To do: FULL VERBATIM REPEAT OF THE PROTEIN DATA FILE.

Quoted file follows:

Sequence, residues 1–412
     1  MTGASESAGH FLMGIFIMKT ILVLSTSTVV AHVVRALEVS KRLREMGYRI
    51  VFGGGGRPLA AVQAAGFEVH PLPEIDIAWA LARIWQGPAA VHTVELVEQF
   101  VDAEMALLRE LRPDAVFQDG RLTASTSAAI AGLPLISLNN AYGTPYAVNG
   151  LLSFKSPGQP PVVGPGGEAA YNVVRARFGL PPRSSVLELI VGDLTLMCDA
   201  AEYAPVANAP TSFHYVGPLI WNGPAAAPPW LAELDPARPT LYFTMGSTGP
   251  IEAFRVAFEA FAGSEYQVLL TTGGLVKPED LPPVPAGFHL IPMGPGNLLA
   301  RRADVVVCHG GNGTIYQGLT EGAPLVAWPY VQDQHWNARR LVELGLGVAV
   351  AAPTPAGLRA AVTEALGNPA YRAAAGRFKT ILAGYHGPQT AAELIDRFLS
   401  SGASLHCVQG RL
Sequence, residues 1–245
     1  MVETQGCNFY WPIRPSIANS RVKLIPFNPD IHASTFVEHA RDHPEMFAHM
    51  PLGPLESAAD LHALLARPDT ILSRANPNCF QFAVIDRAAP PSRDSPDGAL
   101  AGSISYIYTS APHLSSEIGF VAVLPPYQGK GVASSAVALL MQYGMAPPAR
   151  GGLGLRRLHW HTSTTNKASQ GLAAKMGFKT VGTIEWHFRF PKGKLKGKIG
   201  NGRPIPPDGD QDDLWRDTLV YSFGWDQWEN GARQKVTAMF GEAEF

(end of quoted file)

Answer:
Sequence, residues 1–412
     1  MTGASESAGH FLMGIFIMKT ILVLSTSTVV AHVVRALEVS KRLREMGYRI
    51  VFGGGGRPLA AVQAAGFEVH PLPEIDIAWA LARIWQGPAA VHTVELVEQF
   101  VDAEMALLRE LRPDAVFQDG RLTASTSAAI AGLPLISLNN AYGTPYAVNG
   151  LLSFKSPGQP PVVGPGGEAA YNVVRARFGL PPRSSVLELI VGDLTLMCDA
   201  AEYAPVANAP TSFHYVGPLI WNGPAAAPPW LAELDPARPT LYFTMGSTGP
   251  IEAFRVAFEA FAGSEYQVLL TTGGLVKPED LPPVPAGFHL IPMGPGNLLA
   301  RRADVVVCHG GNGTIYQGLT EGAPLVAWPY VQDQHWNARR LVELGLGVAV
   351  AAPTPAGLRA AVTEALGNPA YRAAAGRFKT ILAGYHGPQT AAELIDRFLS
   401  SGASLHCVQG RL
Sequence, residues 1–245
     1  MVETQGCNFY WPIRPSIANS RVKLIPFNPD IHASTFVEHA RDHPEMFAHM
    51  PLGPLESAAD LHALLARPDT ILSRANPNCF QFAVIDRAAP PSRDSPDGAL
   101  AGSISYIYTS APHLSSEIGF VAVLPPYQGK GVASSAVALL MQYGMAPPAR
   151  GGLGLRRLHW HTSTTNKASQ GLAAKMGFKT VGTIEWHFRF PKGKLKGKIG
   201  NGRPIPPDGD QDDLWRDTLV YSFGWDQWEN GARQKVTAMF GEAEF